“God is good!”
I said it a hundred times at least, standing in front of 160 kids at VBS. Twice each day we gathered and I led them in shouting, over and over, “God is good!” When life is unfair, God is good! When life is scary, God is good! When life is sad, God is good!
I’ll be honest. More than once that week, a little question arose in my mind: “Why is this so easy to say, but so hard to believe?”
I know, I know. Gasp.What? You don’t believe God is good? But for years that statement has driven me crazy. We say it so casually, just like I did, leading all the kids in fist pumping the air and shouting something we all want to hear. “Yep, God is good! All the time.” Honestly? It sometimes feels like putting a Band-Aid over a severed limb.
You might have cancer and it’s moving so fast, there’s nothing they can do. But God is good!
You might be facing divorce, the thing you swore would NEVER happen, not to you, and your kids are devastated and you are lost. God is good!
Your heart is broken in a million pieces and you don’t have strength to continue. God is good! Fist pump like you mean it!
It’s what we say when we want everyone to believe that we’re fine, totally fine, even though we’re about to drown in our suffering. Paste on the happy smile and say what you’re supposed to.
Surely I am not the only one who sometimes looks on all these words, words upon words, piles of words that we say we believe. Admit it. Some days, they really are just piles.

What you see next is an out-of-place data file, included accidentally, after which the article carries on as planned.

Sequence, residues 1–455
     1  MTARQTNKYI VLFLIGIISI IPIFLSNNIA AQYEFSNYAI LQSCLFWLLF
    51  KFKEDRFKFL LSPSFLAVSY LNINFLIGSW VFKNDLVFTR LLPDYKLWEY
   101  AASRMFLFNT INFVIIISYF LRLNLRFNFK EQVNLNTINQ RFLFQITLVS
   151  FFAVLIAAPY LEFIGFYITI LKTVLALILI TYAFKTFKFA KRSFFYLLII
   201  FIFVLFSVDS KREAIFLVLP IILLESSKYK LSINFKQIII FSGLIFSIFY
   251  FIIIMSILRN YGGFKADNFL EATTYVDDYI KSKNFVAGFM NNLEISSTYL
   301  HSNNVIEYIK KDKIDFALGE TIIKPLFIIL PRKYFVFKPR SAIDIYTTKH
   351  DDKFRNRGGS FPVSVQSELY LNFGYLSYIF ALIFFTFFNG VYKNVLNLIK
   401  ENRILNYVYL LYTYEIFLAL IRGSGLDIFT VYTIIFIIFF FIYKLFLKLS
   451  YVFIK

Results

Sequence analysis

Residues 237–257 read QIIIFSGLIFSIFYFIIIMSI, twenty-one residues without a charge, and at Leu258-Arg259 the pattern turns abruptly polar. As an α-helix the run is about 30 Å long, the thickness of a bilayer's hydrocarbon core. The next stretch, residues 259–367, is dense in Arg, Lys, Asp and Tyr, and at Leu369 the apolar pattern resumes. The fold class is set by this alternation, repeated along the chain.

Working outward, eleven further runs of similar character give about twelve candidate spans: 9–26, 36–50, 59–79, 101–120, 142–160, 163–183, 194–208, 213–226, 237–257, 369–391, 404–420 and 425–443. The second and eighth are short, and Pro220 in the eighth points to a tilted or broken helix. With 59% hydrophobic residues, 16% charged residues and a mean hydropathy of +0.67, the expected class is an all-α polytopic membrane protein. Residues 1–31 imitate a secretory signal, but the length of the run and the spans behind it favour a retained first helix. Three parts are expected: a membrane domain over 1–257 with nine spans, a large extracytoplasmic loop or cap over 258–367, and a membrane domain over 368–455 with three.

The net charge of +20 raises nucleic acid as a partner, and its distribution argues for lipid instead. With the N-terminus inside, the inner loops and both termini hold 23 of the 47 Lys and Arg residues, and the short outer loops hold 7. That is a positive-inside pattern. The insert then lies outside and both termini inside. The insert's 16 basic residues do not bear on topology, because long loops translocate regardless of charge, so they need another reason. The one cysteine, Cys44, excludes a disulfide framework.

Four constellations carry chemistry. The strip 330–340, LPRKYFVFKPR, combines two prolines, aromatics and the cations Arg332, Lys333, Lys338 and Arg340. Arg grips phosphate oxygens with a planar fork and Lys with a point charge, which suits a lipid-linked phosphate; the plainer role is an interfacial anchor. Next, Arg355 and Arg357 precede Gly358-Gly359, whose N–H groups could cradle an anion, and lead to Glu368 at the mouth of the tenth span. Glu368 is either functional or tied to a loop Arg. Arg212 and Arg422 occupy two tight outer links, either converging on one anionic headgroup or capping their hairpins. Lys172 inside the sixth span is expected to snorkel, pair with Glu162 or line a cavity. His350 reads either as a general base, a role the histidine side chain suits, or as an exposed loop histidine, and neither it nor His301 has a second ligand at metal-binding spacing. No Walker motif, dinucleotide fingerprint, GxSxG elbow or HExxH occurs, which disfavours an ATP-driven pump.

What is it for, this faith we cling to, when darkness finds us anyway and injustice rips the branch of abiding right out of our hands? Are these words anything but piles of noise?
Some days, I want to fling that noise right in the Father’s face. I want to beat him with the rage that pain brings. I want to demand that he prove himself. I want to shout, “Can’t you see how much we are hurting?”
My own pain doesn’t make sense. The pain of those around me doesn’t make sense. The shame of the pain I have caused; oh, this is not bearable. To live in a world that is so dark and seems darker every day. Some days I cannot bear it. And standing in front of kids, teaching them this mantra, God is good, I think how I don’t ever want their faith to be a Band-Aid. I know the pain some of them already face, and I imagine the suffering that may be coming. What am I really giving them to hold to?
I honestly struggled with this last week. One night, I don’t know why, but I grabbed Lincoln’s Daily Devotional from my shelf. I stared at the plain cover for a few moments, remembering holding this small book in the middle of a teeming tourist shop in DC, thinking of the man who opened it each morning and pulled out its promises to face a world at war—and his own fears.
I flipped it open randomly, read the title, “Communion with God a Source of Joy.” It quoted Psalm 4:6-7:
“There are many who say, ‘Who will show us some good?’
Lift up the light of Your face upon us, O Lord!
You have put more joy in my heart
than they have when their grain and wine abound.”
Well. This is me, demanding, questioning, lamenting. We say You are good, God. But where is the good? Who can show me anything good?
God IS good. And the good is in the light of His face.
The good is in the light of His face.
I read the whole short psalm, over and over.